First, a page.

Book two, Ambrosius: Last of the Romans, was published in 2017 and the third instalment, Uther’s Destiny, was published in March 2018 (winner of One Stop Fiction book of the month award, April 2018) and the furth book, Arthur Dux Bellorum has just been released.
His creative writing journey began in July 2015 with the publication of a book of short stories, Thames Valley Tales. In September 2017 he published a second collection of short stories – Postcards from London. These stories combine his love of history with his experiences of living in London and various Thames Valley towns.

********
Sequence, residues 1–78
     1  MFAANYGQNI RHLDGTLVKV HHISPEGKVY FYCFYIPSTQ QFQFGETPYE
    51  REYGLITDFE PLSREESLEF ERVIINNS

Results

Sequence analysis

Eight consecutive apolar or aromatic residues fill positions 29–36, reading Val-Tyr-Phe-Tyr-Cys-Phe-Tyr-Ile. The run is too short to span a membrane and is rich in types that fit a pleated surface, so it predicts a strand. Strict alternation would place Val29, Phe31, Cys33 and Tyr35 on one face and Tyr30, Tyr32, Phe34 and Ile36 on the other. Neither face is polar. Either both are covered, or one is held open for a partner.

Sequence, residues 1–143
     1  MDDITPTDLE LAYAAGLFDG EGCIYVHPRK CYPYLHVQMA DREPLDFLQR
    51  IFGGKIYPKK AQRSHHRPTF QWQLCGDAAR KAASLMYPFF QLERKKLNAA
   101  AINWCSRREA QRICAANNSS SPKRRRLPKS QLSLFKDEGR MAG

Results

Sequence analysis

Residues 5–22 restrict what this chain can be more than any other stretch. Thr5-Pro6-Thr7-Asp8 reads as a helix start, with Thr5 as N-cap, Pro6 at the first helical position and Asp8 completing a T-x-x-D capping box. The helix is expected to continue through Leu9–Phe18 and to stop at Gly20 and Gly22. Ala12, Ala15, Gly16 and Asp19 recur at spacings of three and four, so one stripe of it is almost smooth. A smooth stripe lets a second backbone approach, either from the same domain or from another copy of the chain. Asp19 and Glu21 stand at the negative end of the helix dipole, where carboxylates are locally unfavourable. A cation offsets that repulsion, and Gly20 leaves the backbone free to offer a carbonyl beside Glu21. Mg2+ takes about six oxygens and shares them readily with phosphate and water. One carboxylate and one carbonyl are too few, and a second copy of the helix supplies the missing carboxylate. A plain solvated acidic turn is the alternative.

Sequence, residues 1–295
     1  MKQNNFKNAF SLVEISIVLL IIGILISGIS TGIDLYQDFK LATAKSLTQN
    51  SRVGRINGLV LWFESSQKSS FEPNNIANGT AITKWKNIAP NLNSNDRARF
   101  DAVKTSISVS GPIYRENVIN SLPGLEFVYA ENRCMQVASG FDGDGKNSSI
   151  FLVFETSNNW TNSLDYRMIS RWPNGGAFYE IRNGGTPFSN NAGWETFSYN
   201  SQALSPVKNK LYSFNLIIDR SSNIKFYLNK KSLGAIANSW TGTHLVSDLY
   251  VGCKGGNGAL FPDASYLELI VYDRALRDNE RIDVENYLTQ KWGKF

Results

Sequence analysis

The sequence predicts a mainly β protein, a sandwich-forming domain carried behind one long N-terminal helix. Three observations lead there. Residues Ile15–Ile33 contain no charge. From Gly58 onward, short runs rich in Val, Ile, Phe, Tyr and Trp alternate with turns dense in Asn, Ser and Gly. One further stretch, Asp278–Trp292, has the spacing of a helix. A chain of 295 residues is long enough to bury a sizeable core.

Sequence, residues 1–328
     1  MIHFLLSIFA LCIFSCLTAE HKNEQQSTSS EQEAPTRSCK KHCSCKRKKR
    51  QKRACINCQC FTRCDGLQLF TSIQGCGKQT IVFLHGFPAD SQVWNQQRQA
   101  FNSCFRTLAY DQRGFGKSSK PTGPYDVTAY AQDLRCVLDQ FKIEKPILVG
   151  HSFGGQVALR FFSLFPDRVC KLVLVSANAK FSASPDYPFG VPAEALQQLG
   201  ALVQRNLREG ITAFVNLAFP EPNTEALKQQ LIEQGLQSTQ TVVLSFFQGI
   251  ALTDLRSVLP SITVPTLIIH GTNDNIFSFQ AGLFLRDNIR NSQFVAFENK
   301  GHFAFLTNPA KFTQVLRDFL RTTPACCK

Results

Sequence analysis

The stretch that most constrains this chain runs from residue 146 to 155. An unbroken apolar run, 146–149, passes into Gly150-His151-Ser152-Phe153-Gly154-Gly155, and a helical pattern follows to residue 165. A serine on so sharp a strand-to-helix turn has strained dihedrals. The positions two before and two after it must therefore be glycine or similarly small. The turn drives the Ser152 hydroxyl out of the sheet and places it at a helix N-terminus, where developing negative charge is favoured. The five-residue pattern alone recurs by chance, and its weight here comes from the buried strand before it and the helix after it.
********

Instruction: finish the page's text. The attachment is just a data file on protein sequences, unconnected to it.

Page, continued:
In 2016 he published his first novel, a dystopian political thriller, Devil Gate Dawn, following exposure through the Amazon Scout programme. In 2017 he published his first children’s book, The Adventures of Charly Holmes, co-written with his 12-year-old daughter, Cathy, followed In 2018 by a second adventure, Charly & The Superheroes.